With a former frontbencher and prominent Liberal right-winger calling for a "conservative revolution", Australian Prime Minister Tony Abbott is heading into heavy seas as the new political year grinds into gear.
Abbott is already bracing for a Labor assault on his cost-cutting programme - much of it targeting the poor - which will deepen as Treasurer Joe Hockey prepares his first Budget, due in May.
Abbott has also come under fire for his social policies, notably the Government's successful High Court challenge to the Australian Capital Territory's same-sex marriage law.
His Government had slipped behind Labor in all major polls by the end of last year.
Liberal backbencher Cory Bernardi, a close associate of the Prime Minister who was forced to quit as Abbott's parliamentary secretary in 2012 after equating gay marriage with acceptance of bestiality, has added new fuel.
In a book published this week, The Conservative Revolution, Bernardi attacks abortion for providing women with "an abhorrent form of birth control" - calling it a "death industry".
He also urges the traditional two-parent family be given clear precedence over others - such as step-families, sole parents, same-sex marriages and families with children born through surrogacy - and condemns euthanasia.
Many Liberals do not share Bernardi's views and Abbott in the past has rejected some of his comments, but a spokesperson for the Prime Minister issued only a brief statement: "Senator Bernardi is a backbencher and his views do not represent the position of the Government".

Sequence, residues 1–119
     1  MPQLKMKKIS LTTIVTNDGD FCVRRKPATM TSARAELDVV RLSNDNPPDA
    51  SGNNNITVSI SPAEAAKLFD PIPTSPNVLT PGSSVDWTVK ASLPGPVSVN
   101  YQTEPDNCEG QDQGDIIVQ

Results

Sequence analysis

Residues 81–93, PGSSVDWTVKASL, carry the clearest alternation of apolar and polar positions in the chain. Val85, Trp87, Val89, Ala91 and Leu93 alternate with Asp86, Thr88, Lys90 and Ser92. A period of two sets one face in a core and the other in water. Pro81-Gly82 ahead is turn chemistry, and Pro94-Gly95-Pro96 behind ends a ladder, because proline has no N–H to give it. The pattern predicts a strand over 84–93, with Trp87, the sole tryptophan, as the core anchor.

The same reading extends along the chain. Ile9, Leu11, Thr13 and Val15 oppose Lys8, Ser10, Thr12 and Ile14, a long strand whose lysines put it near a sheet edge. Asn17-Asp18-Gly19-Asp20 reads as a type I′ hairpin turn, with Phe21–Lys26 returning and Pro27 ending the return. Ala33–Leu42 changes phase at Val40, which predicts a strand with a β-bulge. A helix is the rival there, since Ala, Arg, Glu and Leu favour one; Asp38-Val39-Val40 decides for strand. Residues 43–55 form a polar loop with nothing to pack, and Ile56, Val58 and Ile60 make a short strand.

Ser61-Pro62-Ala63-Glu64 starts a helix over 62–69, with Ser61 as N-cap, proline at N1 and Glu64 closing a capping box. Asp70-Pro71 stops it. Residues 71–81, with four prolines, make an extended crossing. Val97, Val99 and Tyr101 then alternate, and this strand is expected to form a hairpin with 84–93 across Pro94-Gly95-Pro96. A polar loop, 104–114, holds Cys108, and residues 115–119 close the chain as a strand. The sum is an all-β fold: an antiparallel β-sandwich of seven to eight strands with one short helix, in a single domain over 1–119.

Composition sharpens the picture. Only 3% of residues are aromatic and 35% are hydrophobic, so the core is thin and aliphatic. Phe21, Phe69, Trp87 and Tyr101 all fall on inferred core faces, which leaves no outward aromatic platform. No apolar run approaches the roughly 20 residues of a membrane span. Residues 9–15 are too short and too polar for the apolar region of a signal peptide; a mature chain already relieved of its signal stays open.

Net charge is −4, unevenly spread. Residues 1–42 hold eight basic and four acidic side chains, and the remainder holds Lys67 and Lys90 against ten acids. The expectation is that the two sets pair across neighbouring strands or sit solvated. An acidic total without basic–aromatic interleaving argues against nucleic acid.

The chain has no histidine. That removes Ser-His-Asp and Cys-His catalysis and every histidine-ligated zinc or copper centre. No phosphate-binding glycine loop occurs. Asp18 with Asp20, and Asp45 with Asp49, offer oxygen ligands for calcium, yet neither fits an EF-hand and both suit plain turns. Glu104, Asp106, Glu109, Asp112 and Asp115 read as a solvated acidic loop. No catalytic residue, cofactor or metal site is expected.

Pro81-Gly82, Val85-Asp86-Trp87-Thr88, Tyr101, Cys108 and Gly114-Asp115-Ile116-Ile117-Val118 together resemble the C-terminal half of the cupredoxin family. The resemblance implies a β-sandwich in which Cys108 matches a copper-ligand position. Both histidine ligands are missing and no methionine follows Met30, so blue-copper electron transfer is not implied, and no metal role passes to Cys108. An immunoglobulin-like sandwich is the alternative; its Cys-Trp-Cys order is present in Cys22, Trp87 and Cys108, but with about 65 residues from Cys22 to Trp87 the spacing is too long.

"He's a confidant of Tony Abbott, and it's up to senior Coalition figures to dissociate themselves, if in fact they disagree with Cory Bernardi," said former Deputy Prime Minister and shadow infrastructure and transport minister Anthony Albanese.
Even without the Bernardi sideshow, Abbott has enough on his plate, with his increasingly controversial domestic programme adding to the international blows he has taken over asylum seekers and spying on neighbours, especially Indonesia and East Timor.
Labor is gearing up for a campaign against the Government's parsimony towards low-income earners and their families, spearheaded before Christmas by the decision to axe pay rises for child- and aged-care workers, some of the nation's lowest paid employees.
Childcare workers were asked to pay back the extra money they had already received.
The Government has also approved a 6.2 per cent increase in private insurance premiums, and is considering charging patients A$6 ($6.48) for visits to GPs that are at present free.
Abbott also intends ending the Schoolkids Bonus for eligible parents with school-age children and is considering proposals to move many disability support pensioners to the Newstart dole payment, cutting incomes by more than A$150 a week.